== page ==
Many countries around the world are now caught between the United States as their main security ally and China as their top trading partner. And this past week one of those countries, the Philippines, a former U.S. territory, began backing out of its decades-old security alliance with Washington.

President Rodrigo Duterte, a critic of the United States ever since coming to power in 2016, served notice that his government will terminate an accord that governs the rules for U.S. forces participating in joint military exercises and training in the Philippines. The parties may still find a way to salvage the pact before the termination takes effect in 180 days. And even if they don’t, other elements of the military alliance, such as a separate mutual-defense treaty, may endure.

But Duterte’s decision nevertheless constitutes the gravest threat to the alliance in years and jeopardizes the U.S. military’s efforts to deter Chinese aggression in the region. As the Asia scholar Brad Glosserman has written, Duterte’s move was in part motivated by his doubts about America’s commitment to the Philippines’ defense and concerns about antagonizing an ascendant China. In fact, the country’s military chief has suggested that the Philippines could broker new military-cooperation agreements with China despite their maritime territorial disputes. Even if this is just a troll of the United States, it’s working. As Defense Secretary Mark Esper noted, the Duterte government is heading “in the wrong direction.”

But one U.S. official who doesn’t seem especially concerned is Esper’s boss. Asked about Duterte’s announcement, Trump told reporters that he was “fine” with it and even thanked the Philippines for saving the United States “a lot of money.”

It’s the kind of gripe from Trump that countries that share long-standing military alliances with America have grown accustomed to. But now they’re also concluding that despite what administration officials say, Trump himself thinks about competing with China in the narrow terms of not getting fleeced on trade rather than in the broader terms of contending with the Chinese geostrategically as a superpower.

His administration is also torn between the impulse to scale back America’s investments abroad and prevailing over a China that is ramping up its own investments. While China is investing more than a trillion dollars in Belt and Road infrastructure projects across Eurasia, the Trump administration’s 2021 budget proposal suggests setting aside a relatively measly $800 million to provide an alternative to “predatory Chinese international lending.” Similarly, Secretary of State Mike Pompeo is currently on a trip to Senegal, Ethiopia, and Angola that is intended, as one State Department official briefing reporters phrased it, to emphasize America’s interest in “dramatically increasing U.S. trade and investment” in these and other African countries. But all three countries have close ties with China, whose diplomatic and economic investments in the region far outweigh America’s.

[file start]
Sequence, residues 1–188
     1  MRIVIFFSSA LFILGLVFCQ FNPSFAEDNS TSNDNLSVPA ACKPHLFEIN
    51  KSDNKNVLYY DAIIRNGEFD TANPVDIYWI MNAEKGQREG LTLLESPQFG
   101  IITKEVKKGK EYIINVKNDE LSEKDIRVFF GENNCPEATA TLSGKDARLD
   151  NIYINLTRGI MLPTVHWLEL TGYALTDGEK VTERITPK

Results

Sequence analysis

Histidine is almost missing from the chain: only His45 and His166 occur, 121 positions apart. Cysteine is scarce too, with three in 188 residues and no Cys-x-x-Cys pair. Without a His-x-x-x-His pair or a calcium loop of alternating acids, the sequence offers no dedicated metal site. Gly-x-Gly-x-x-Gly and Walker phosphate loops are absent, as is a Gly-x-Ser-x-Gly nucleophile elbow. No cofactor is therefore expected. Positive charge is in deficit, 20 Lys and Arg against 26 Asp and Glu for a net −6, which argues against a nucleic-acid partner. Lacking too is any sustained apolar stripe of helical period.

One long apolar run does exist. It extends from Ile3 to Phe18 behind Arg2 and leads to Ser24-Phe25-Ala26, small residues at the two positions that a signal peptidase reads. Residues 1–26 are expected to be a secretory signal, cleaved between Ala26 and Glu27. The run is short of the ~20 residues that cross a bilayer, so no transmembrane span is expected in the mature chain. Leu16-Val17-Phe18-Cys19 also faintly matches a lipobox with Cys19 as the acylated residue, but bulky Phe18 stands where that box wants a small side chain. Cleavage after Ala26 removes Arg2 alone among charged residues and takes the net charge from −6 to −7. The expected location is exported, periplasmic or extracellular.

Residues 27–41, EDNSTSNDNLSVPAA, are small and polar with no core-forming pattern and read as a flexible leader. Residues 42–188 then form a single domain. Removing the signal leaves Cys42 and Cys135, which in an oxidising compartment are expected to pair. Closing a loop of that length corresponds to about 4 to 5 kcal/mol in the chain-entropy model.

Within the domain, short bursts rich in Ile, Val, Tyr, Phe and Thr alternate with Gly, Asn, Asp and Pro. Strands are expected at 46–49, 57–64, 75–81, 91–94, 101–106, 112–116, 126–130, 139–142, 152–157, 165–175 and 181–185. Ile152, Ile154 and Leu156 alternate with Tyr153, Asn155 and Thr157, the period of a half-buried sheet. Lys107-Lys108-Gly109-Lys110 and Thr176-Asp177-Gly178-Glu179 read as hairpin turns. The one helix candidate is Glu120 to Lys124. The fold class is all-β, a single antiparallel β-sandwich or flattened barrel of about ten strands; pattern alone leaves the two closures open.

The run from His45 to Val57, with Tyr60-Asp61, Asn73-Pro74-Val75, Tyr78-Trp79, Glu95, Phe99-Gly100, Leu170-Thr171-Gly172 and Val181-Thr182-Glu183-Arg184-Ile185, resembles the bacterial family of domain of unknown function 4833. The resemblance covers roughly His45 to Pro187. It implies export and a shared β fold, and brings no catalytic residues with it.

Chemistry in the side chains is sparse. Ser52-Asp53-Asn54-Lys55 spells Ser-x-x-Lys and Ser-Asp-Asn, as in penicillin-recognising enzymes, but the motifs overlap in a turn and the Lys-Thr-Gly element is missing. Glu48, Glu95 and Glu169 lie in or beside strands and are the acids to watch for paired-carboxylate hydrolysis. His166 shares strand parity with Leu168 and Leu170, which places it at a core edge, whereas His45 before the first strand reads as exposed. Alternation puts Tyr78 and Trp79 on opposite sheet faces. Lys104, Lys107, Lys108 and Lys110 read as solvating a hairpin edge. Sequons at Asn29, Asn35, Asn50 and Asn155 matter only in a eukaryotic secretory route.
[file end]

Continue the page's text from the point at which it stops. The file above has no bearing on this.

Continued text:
More broadly, allies are less inclined to side with the U.S. now that they’ve witnessed how major foreign-policy initiatives are no longer likely to carry over from one administration to the next. This is the case even with what is arguably the most bipartisan belief in Washington these days: that competition between a rising China and a dominant United States will define the 21st century. During a recent visit to London, for example, Pompeo described the Chinese Communist Party as “the central threat of our times.” Matt Duss, Bernie Sanders’s foreign-policy adviser, told me around the same time that a Sanders administration would consider climate change “the number-one security threat” facing the United States, which would make China, as the world’s largest greenhouse-gas emitter, a crucial partner. Why go out on a limb and pick a side when one U.S. election could scramble the sides?

In a new report on U.S. policy toward China, the Center for a New American Security noted that while U.S. partners generally don’t want to be part of a new international system led by an authoritarian China, they also cannot ignore Beijing as a mammoth “economic opportunity and geographic reality.” Any American strategy needs to recognize that, the authors advised.

The guidance also came with a warning: “Attempts to construct an explicitly anti-China alliance will fail.” On the day the report was released, the United Kingdom announced its Huawei decision.

We want to hear what you think about this article. Submit a letter to the editor or write to letters@theatlantic.com.